Recent evidence indicates that urinary gonadotropins may be an alternative method for detecting pubertal disorders. The aim of this study was to evaluate the associations of first morning voided (FMV) and random urinary gonadotropins with the pubertal response to a gonadotropin-releasing hormone (GnRH) stimulation test to determine whether random urinary gonadotropins can be used as an alternative method for evaluating central precocious puberty (CPP). In total, 100 girls aged 6.0–8.9 years were enrolled. The subjects were divided into two groups according to their pubertal response to the GnRH stimulation test: a positive group (n = 68) and a negative group (n = 32). Random urinary luteinizing hormone (LH), follicle-stimulating hormone (FSH), and the LH:FSH ratio were significantly positively correlated with FMV urinary LH (r = 0.411, p < 0.001), FMV urinary FSH (r = 0.494, p < 0.001), and the FMV urinary LH:FSH ratio (r = 0.519, p < 0.001). The optimal cutoff values from receiver operating characteristic (ROC) curve analyses were determined to be 0.20 IU/L for random urinary LH (area under the curve (AUC) of 0.812, p < 0.001), 3.03 IU/L for random urinary FSH (AUC of 0.670, p = 0.004) and 0.08 for the random urinary LH:FSH ratio (AUC of 0.784, p < 0.001). No differences were observed between FMV and random urinary LH (p = 0.827), between FMV and random urinary FSH (p = 0.650), or between the FMV and random urinary LH:FSH ratio (p = 0.688) in ROC curve analyses with DeLong’s test. Based on our findings, random urinary gonadotropins may be applicable in clinical practice as a useful initial test for girls with CPP.
Diabetic foot ulcer is a major complication in patients with diabetes. Platelet-lymphocyte ratio (PLR) has been reported to have a predictive effect to some diabetic complications in recent years. However, it has not been fully elucidated about the relationship between diabetic foot risk or diabetic foot ulcer and PLR in patients with type 2 diabetes. Therefore, we aimed to evaluate this relationship. In this cross-sectional study, we evaluated the relationships between patient’s diabetic foot risk with the criteria of the International Working Group on the Diabetic Foot (IWGDF) and prevalent foot ulcer, and PLR in 453 consecutive patients with type 2 diabetes. Propensity score analysis was used to adjust the difference of covariates; age, sex, duration of diabetes, body mass index (BMI), HbA1c, current smoking, hypertension, dyslipidemia, neuropathy, PAD, foot deformity and history of foot ulcers. PLR was higher in patients with high risk diabetic foot or foot ulcer (117 ± 40 vs. 107 ± 31, p = 0.003 and 148 ± 65 vs. 113 ± 56, p < 0.001). A receiver-operating characteristic curve demonstrated that PLR of 130.6 constitutes the cut-off value for prevalent foot ulcer with sensitivity 0.85 and specificity 0.70. Multivariate logistic regression analysis revealed that PLR was positively correlated with prevalent foot ulcer (odds ratio, 1.02; 95% confidence interval 1.01–1.04, p = 0.003) after adjusted for several variables with propensity score analysis. Our results demonstrated that PLR can be a marker for high risk diabetic foot and diabetic foot ulcer in patients with type 2 diabetes.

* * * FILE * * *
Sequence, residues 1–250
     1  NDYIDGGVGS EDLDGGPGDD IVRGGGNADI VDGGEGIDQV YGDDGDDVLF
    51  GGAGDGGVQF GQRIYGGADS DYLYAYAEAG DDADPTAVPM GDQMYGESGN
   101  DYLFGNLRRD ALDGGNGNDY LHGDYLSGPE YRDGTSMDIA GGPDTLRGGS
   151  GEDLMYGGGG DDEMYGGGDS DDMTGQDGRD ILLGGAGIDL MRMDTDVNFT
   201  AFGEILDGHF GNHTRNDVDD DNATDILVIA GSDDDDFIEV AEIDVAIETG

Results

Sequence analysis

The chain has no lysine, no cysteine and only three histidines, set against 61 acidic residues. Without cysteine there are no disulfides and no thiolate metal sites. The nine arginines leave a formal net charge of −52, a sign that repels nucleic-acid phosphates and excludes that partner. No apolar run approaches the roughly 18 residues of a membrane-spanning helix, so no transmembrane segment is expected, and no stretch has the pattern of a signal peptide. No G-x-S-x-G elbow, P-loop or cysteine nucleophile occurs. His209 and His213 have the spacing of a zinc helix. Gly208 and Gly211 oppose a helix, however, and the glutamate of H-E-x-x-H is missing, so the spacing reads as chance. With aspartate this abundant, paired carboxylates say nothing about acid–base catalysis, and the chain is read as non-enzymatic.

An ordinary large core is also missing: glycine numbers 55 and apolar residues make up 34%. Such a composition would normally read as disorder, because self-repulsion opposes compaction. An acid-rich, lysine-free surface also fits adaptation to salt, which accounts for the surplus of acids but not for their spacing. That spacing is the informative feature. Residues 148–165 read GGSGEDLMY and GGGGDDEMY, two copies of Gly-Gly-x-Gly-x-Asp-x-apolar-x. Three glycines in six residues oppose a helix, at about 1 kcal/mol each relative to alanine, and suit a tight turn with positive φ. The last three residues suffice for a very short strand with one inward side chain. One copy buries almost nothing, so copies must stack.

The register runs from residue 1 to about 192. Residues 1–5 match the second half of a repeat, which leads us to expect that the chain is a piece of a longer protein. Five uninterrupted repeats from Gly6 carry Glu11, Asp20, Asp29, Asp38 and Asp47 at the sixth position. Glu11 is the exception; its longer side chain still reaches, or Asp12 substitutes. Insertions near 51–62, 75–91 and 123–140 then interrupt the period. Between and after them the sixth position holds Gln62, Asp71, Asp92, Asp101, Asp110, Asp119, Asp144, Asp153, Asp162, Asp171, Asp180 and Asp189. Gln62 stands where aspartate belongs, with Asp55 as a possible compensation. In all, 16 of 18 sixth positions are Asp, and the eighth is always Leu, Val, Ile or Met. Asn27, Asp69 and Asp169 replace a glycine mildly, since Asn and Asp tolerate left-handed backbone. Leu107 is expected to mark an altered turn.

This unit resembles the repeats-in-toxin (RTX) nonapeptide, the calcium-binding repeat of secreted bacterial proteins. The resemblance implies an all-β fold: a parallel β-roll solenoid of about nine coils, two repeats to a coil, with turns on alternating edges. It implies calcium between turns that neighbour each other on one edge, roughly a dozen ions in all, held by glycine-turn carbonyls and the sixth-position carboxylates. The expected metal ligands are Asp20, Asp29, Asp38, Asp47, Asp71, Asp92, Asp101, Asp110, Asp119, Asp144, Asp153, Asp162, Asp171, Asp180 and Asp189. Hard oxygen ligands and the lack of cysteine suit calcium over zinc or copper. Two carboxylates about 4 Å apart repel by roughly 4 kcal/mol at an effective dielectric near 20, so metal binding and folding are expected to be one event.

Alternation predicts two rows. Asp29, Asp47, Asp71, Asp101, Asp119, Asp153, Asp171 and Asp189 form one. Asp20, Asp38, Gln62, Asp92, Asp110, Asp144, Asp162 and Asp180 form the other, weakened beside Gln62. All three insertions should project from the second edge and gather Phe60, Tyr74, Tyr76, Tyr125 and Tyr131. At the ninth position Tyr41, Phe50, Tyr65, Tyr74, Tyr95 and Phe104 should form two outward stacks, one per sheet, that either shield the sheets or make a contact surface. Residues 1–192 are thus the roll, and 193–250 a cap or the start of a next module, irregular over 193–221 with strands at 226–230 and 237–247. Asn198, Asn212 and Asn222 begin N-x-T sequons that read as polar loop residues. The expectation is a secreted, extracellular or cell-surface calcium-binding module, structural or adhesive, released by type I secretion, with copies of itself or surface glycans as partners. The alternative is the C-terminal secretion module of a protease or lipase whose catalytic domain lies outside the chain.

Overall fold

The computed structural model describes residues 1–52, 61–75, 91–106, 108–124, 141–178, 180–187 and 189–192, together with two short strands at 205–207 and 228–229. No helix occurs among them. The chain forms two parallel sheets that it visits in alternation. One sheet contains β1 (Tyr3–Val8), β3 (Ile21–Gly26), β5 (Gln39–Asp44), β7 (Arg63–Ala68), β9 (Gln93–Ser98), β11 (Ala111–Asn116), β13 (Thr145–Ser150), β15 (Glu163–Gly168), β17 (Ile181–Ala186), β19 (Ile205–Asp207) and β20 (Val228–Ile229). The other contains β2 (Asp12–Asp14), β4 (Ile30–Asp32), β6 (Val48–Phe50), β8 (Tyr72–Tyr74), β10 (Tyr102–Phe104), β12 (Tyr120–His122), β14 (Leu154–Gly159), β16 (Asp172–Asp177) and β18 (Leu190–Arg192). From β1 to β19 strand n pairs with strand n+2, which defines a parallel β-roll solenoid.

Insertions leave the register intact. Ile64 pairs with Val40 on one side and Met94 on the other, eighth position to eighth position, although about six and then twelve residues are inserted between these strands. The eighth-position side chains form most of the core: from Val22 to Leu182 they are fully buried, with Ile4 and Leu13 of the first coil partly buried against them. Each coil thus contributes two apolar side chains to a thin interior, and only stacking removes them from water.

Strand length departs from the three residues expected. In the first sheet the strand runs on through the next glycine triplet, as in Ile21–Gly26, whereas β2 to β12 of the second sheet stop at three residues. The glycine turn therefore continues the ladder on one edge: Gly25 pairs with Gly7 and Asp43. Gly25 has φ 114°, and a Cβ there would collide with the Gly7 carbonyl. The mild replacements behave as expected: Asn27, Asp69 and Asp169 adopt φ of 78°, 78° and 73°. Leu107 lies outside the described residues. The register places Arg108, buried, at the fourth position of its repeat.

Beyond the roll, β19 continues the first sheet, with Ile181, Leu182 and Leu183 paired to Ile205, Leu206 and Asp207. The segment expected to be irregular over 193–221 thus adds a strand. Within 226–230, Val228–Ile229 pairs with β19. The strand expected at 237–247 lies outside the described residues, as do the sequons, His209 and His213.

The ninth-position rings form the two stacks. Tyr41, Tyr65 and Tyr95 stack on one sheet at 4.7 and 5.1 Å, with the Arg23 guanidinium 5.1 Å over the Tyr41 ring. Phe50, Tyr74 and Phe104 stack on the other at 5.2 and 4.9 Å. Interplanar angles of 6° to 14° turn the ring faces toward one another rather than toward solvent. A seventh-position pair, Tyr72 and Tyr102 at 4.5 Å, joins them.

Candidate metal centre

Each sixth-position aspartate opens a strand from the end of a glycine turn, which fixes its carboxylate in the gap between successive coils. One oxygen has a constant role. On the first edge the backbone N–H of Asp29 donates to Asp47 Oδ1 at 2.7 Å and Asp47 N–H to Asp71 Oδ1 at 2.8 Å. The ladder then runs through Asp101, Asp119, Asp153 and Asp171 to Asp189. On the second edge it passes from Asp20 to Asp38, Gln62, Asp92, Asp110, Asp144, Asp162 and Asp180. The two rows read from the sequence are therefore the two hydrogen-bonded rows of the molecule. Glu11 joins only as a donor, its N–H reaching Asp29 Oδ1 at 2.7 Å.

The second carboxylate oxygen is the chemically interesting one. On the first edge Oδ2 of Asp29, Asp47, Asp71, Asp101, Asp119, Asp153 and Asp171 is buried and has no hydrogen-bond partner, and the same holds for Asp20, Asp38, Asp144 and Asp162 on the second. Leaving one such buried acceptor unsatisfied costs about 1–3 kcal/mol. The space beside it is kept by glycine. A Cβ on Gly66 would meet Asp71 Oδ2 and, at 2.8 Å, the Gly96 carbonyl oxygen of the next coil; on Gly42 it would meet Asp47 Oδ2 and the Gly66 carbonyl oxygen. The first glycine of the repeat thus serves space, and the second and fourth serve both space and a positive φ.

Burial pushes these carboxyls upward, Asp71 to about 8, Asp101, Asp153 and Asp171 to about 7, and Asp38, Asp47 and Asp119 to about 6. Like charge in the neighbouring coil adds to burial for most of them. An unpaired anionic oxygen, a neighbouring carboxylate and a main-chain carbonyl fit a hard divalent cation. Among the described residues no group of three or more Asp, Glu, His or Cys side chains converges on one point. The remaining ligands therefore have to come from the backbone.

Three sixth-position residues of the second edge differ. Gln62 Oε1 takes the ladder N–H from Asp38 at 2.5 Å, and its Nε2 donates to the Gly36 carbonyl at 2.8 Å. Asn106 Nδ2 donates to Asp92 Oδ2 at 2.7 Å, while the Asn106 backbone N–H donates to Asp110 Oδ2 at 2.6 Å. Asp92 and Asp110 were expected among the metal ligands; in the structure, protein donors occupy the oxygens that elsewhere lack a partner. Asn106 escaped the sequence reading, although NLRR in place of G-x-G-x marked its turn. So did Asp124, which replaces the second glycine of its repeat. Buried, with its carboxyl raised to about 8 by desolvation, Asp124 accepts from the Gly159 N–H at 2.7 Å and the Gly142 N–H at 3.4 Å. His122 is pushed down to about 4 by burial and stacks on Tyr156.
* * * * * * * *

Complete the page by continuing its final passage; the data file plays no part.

Several studies have demonstrated the decreased insulin resistance (IR) in persons with type 2 diabetes mellitus (T2DM) treated with glimepiride. Those suggest this might be associated with observed higher concentrations of adiponectin. We assessed if there is a difference in IR and metabolic syndrome components between glimepiride and glibenclamide treatment as well as adiponectin concentration in T2DM. Our research observed 20 T2DM patients treated with glibenclamid and 20 switched to glimepiride (n = 20) treatment for 24 weeks. Anthropometric measurements and laboratory analysis were performed at the beginning and at the end of treatment while IR was accessed by homeostasis model assessment of insulin resistance (HOMA-IR). The glimepiride group revealed better glycaemic control compared to glibenclamide group. Moreover, the adiponectin concentration increased (23.9 ± 17.3 to 29.1 ± 12.2 ng/mL, p = 0.087) whereas it decreased in the glibenclamide group (34.3 ± 22.6 to 20.3 ± 11.3 ng/mL, p = 0.011) following 24 weeks of treatment. The serum adiponectin and HOMA-IR were inversely correlated within the group of glibenclamide (r = –0.667, p = 0.009). The present study demonstrates that glimepiride might have beneficial effect on IR compared to glibenclamide, as suggested. However, this observation needs further study investigation among other formulations of SU.